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The new Fox is indeed trying something new. 

The now stand-alone broadcaster is shifting its programming strategy and increasingly looking to run shows with shorter orders rather than the traditional 22-episode runs typical of a broadcast series. 

According to multiple agency sources, Fox has made it clear that while it is still in the business of ordering programs for traditional longer runs, it aims to beef up the number of shorter-run shows going forward. Such series will likely be built around well-known IP, period pieces featuring big historical figures, or genre shows with the potential for major world-building. The network is also willing to try out other formats with the right creative team. 

To date, Fox Entertainment has ordered three such shows to run during the summer and winter of 2019: the ’90s revival “BH90210” (six episodes), airing in August; an after-show parody, “What Just Happened??! With Fred Savage” (nine episodes), that launched in late June; and the holiday event series “A Moody Christmas” (six episodes). 

Fox Entertainment president Michael Thorn tells Variety that the company’s new status has led it to examine the best way to use parts of the schedule where originals have not typically been programmed. 

“You will see a variety of order patterns in comedy and drama,” he said. “It’s a 52-week business, and we are really looking at our schedule and looking for ways
to be more opportunistic about the way we launch shows.”

“A Moody Christmas” could also be the beginnings of a new franchise for the network. Thorn says that if the series proves successful, Fox may bring the Moodys back for another Christmas run, or potentially theme new installments around other holidays or major family events.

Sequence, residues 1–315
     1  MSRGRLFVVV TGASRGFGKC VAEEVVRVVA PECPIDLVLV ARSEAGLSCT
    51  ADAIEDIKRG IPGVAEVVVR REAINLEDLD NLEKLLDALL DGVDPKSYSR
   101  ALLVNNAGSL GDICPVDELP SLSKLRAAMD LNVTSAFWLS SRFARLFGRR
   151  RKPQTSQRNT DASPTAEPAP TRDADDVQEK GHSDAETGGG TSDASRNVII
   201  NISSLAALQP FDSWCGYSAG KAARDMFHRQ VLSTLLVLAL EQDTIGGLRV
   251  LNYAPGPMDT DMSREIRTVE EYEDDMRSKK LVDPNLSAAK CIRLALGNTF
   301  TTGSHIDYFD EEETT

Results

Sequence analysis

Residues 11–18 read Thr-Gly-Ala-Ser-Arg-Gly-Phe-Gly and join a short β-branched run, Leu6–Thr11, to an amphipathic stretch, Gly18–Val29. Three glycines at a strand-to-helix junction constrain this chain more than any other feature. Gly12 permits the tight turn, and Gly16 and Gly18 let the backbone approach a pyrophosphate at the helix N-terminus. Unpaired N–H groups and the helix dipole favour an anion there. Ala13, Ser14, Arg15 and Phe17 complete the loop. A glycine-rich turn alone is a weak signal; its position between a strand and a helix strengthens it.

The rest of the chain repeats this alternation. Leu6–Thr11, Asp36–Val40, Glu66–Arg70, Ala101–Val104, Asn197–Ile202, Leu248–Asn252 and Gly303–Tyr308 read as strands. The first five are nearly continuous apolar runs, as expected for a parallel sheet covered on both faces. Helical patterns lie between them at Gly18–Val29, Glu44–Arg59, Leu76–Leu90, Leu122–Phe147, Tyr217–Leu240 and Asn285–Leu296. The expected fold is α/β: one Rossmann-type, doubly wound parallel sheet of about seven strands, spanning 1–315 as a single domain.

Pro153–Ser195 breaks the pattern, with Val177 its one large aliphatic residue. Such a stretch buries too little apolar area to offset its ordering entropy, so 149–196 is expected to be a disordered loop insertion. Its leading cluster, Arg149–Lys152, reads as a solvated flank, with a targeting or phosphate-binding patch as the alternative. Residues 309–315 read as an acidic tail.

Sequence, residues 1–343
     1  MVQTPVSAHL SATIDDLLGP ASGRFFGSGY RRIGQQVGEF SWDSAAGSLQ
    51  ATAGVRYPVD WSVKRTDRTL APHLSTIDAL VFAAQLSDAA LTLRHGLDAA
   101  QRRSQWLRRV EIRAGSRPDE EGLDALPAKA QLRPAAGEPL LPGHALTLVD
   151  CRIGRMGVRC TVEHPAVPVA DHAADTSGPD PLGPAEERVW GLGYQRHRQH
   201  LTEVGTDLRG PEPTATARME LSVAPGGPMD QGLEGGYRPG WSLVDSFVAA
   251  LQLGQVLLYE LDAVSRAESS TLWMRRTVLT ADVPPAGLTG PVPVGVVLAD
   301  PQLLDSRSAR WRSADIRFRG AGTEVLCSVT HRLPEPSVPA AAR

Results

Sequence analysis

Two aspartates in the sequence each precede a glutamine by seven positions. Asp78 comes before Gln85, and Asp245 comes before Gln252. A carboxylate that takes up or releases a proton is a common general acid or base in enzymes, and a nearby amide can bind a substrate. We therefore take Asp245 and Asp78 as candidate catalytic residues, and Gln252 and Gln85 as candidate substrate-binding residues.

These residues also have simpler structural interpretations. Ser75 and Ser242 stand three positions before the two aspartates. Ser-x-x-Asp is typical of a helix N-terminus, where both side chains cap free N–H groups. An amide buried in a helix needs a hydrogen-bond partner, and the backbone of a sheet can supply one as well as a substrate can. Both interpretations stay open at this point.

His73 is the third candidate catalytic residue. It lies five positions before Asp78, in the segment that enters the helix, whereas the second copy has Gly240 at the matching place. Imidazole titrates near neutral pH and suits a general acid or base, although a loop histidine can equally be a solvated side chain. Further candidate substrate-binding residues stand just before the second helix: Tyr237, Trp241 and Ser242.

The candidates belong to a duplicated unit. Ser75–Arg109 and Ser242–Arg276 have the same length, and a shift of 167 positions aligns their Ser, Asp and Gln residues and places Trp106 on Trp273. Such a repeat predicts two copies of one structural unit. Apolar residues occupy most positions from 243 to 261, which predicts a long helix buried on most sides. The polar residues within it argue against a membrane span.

Such shows will not be limited to summer, winter or holidays, however. The drama series “Next,” from creator Manny Coto and starring John Slattery, is set to air on Fox in the spring. The first season of the series will run for 10 episodes, which Thorn says was Coto’s design. 

“The truth is, in that case, 10 episodes is the best way to tell that story,” he says. “So we asked, ‘How can we launch this meaningfully to set the show up for success and meet the creative needs of the storytellers involved in this project?’” 

Then there is the question of budgets. Lately, networks have been shelling out big bucks for big-name shows, even with shorter runs, like the HBO hit “Game of Thrones,” whose final season ran for six episodes but reportedly cost nearly $100 million to produce. While Thorn isn’t against a project with a higher budget, he says the network will evaluate each project on a case-by-case basis. 

“The [amortization] isn’t spread out across as many episodes as it would a more traditional order,” he said. “But we’ve worked with our partners to make sure we can really produce something really exciting and make it a viable business.”

Shorter-run shows are atypical on broadcast but could become the norm, as they are on cable and streaming platforms. NBC has also been experimenting with shorter orders, with the critically acclaimed comedy “The Good Place” running for 13 episodes each of its three seasons to date, and the upcoming fourth and final season set to be 14 episodes. 

As with any new strategy, though, there are inherent risks. “What Just Happened??!” is a prime example. After four episodes, the show averaged just a 0.2 rating in adults 18-49 and 689,000 viewers per episode in the Nielsen live-plus-same-day ratings, and saw virtually no lift in delayed viewing. 

“While it hasn’t been a big breakthrough in the ratings for us, we’ve had a real breakthrough in the creative community,” Thorn says of the program. “We have found that our actors and writers and other comedy content creators have come up to us going, ‘What is this show you’re doing? This show
is crazy and fun.’”

The fact is that the media landscape is rapidly changing, with the major players all looking for ways to retain current viewers and entice new ones. If Fox is to stay competitive in an increasingly aggressive marketplace, changes to its programming strategy will be essential.